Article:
Author Archives: Maurice York

Town Hall Meeting

Below is a video of one of the three “Town Hall” meetings that the library hosted online between February 8th and 9th. In it we discuss the history of the library, the new vision that’s forming, and the types of partnerships that the library is seeking within the anthroposophical community. The Town Hall is an invitation to hear what’s going on and to get involved! We received great commentary and questions from those who attended which we will organize and share, in the near future, as seeds for further conversation. As a follow-up to the Town Halls, we will begin engaging associations, institutions, and communities who are interested in becoming partners in creating the new vision for the library. Over the next two months we will be gathering together everything we’ve learned from the Town Hall meetings, last fall’s member survey, online conversations from the blog and social media, our meetings with potential partners, and the many conversations we’ve had, and will continue to have, with the whole anthroposophical community. From all of these thoughts we will form a basic proposal for a new, sustainable structure for the library – an agile structure that can continue to be built up and engaged by the larger community as we move forward – and a bit of a road map on how that engagement will look. Please watch the video and join in the process! The library has great potential at this moment. It can be a house where all our anthroposophical work is actively living, a place where we continually return in order to meet each other and build this work anew. And we are the ones who will imagine what that house looks like and how wide its walls are. We welcome your thoughts, time, and talents!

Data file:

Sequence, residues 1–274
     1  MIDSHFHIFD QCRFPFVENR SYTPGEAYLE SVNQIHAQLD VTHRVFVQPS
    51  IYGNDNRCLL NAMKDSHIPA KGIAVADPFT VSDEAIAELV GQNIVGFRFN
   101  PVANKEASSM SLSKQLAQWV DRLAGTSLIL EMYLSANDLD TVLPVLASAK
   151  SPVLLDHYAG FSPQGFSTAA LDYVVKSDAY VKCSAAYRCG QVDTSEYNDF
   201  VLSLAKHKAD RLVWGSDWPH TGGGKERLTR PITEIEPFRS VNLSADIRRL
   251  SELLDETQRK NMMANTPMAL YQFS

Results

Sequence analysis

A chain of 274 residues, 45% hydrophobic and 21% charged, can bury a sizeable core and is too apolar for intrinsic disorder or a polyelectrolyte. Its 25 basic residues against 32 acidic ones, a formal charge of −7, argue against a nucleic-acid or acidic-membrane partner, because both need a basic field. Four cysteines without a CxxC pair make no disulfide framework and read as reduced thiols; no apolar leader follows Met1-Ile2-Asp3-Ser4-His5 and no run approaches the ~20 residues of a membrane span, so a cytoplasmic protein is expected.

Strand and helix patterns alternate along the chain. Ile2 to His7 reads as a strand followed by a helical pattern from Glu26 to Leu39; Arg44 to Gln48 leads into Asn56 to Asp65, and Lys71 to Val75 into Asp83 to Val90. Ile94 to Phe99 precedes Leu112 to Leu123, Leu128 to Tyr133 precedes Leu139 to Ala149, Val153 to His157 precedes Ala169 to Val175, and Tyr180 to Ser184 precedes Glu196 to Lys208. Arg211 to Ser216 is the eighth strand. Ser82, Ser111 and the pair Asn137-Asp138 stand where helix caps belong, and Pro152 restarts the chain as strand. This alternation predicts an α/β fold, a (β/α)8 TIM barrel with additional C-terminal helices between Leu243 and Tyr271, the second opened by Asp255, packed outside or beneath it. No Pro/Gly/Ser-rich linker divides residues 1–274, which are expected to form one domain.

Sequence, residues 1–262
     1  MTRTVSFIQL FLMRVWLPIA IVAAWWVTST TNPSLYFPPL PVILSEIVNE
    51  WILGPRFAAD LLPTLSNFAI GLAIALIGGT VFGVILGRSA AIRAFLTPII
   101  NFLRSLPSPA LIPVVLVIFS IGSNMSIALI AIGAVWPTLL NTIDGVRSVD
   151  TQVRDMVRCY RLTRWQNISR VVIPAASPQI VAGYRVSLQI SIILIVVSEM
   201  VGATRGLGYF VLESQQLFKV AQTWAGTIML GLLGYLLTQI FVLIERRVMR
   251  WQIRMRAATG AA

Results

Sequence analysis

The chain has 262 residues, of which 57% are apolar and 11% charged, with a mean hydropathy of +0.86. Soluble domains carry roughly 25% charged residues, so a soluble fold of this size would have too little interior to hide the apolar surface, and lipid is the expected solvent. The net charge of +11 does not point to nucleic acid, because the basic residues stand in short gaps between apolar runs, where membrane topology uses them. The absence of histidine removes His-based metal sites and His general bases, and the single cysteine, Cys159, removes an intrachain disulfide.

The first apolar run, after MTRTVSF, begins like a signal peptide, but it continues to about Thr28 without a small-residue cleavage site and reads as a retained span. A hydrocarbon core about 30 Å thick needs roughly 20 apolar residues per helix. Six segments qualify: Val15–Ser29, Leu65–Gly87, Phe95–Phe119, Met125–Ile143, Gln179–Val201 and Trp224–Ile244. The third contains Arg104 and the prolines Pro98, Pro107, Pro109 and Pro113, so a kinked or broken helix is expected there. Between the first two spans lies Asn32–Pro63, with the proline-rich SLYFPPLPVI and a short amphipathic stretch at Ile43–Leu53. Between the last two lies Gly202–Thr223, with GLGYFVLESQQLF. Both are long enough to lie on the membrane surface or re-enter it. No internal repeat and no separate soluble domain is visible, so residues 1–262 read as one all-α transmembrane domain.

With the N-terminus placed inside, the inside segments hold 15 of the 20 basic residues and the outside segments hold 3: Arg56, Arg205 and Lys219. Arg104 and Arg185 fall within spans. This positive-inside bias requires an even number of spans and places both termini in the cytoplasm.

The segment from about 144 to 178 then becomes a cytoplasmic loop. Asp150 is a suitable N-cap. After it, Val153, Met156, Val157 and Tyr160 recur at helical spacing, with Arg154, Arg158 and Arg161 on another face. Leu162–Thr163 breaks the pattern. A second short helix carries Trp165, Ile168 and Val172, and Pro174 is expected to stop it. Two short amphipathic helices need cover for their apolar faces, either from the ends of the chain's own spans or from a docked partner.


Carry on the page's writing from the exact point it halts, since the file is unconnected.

The Move Accomplished, and We Pause

The move of the library is now fully accomplished and we have been at rest in the new building for about two weeks. The move was so all-consuming in the logistics and effort required to pull it off that we haven’t been able to post here to keep everyone updated on the progress. Now that we have a little space to breathe, it’s time to catch up, reflect on the events that got us here, and look forward to the work to come. Watch this space for frequent updates and musings on the activity at the library, the transformation it is going through, and its role in the life of the Society through research, study, and community.

On Tuesday January 8th, after three months of planning and preparation, we began to roar forward with the library move by building shelving in our new location at 139 Main Street in Philmont, NY. We had a number of facilities-related delays that pushed back our move from December and quite a complex logistical dance to perform. Yet in reflection, everything happened for a reason and just as needed. The story of this move will likely take several postings to tell, which we will weave together through series of updates, stories, video, and photos of about the move and the new space..